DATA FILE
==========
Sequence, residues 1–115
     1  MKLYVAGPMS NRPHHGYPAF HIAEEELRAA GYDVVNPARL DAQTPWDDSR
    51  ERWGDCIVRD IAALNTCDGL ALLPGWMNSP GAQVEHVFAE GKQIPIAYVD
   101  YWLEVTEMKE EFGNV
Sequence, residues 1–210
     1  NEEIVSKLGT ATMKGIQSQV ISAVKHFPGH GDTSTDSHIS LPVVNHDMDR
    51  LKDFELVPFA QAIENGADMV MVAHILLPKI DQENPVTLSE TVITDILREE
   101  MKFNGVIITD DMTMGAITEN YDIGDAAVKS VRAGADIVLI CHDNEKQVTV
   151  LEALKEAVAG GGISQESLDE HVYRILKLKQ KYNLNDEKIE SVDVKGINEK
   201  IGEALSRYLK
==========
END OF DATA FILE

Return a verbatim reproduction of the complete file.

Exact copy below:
Sequence, residues 1–115
     1  MKLYVAGPMS NRPHHGYPAF HIAEEELRAA GYDVVNPARL DAQTPWDDSR
    51  ERWGDCIVRD IAALNTCDGL ALLPGWMNSP GAQVEHVFAE GKQIPIAYVD
   101  YWLEVTEMKE EFGNV
Sequence, residues 1–210
     1  NEEIVSKLGT ATMKGIQSQV ISAVKHFPGH GDTSTDSHIS LPVVNHDMDR
    51  LKDFELVPFA QAIENGADMV MVAHILLPKI DQENPVTLSE TVITDILREE
   101  MKFNGVIITD DMTMGAITEN YDIGDAAVKS VRAGADIVLI CHDNEKQVTV
   151  LEALKEAVAG GGISQESLDE HVYRILKLKQ KYNLNDEKIE SVDVKGINEK
   201  IGEALSRYLK